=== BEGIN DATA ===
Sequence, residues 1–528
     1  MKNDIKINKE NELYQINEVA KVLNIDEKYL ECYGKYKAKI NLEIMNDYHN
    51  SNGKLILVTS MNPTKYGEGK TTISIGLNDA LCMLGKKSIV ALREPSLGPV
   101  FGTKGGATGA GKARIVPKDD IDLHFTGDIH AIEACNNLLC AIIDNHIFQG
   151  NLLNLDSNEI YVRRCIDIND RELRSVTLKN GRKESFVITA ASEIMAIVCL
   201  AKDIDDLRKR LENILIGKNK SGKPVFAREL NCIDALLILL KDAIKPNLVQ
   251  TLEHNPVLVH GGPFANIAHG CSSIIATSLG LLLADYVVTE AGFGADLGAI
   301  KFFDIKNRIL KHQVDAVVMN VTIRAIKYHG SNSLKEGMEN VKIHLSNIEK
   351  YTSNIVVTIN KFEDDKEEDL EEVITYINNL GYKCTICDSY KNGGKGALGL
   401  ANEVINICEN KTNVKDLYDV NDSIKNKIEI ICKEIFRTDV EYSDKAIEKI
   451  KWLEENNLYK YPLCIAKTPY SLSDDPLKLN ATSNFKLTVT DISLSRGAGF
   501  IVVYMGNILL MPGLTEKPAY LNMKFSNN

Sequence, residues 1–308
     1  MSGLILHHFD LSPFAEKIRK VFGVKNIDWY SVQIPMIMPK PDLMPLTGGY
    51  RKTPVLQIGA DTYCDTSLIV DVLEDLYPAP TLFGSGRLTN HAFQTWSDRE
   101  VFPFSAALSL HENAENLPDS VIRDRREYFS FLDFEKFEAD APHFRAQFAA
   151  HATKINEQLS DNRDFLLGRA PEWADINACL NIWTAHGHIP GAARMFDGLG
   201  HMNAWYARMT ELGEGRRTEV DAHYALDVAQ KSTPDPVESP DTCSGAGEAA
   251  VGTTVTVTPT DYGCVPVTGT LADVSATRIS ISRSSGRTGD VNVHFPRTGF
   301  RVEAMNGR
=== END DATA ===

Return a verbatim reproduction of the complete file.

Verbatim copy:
Sequence, residues 1–528
     1  MKNDIKINKE NELYQINEVA KVLNIDEKYL ECYGKYKAKI NLEIMNDYHN
    51  SNGKLILVTS MNPTKYGEGK TTISIGLNDA LCMLGKKSIV ALREPSLGPV
   101  FGTKGGATGA GKARIVPKDD IDLHFTGDIH AIEACNNLLC AIIDNHIFQG
   151  NLLNLDSNEI YVRRCIDIND RELRSVTLKN GRKESFVITA ASEIMAIVCL
   201  AKDIDDLRKR LENILIGKNK SGKPVFAREL NCIDALLILL KDAIKPNLVQ
   251  TLEHNPVLVH GGPFANIAHG CSSIIATSLG LLLADYVVTE AGFGADLGAI
   301  KFFDIKNRIL KHQVDAVVMN VTIRAIKYHG SNSLKEGMEN VKIHLSNIEK
   351  YTSNIVVTIN KFEDDKEEDL EEVITYINNL GYKCTICDSY KNGGKGALGL
   401  ANEVINICEN KTNVKDLYDV NDSIKNKIEI ICKEIFRTDV EYSDKAIEKI
   451  KWLEENNLYK YPLCIAKTPY SLSDDPLKLN ATSNFKLTVT DISLSRGAGF
   501  IVVYMGNILL MPGLTEKPAY LNMKFSNN

Sequence, residues 1–308
     1  MSGLILHHFD LSPFAEKIRK VFGVKNIDWY SVQIPMIMPK PDLMPLTGGY
    51  RKTPVLQIGA DTYCDTSLIV DVLEDLYPAP TLFGSGRLTN HAFQTWSDRE
   101  VFPFSAALSL HENAENLPDS VIRDRREYFS FLDFEKFEAD APHFRAQFAA
   151  HATKINEQLS DNRDFLLGRA PEWADINACL NIWTAHGHIP GAARMFDGLG
   201  HMNAWYARMT ELGEGRRTEV DAHYALDVAQ KSTPDPVESP DTCSGAGEAA
   251  VGTTVTVTPT DYGCVPVTGT LADVSATRIS ISRSSGRTGD VNVHFPRTGF
   301  RVEAMNGR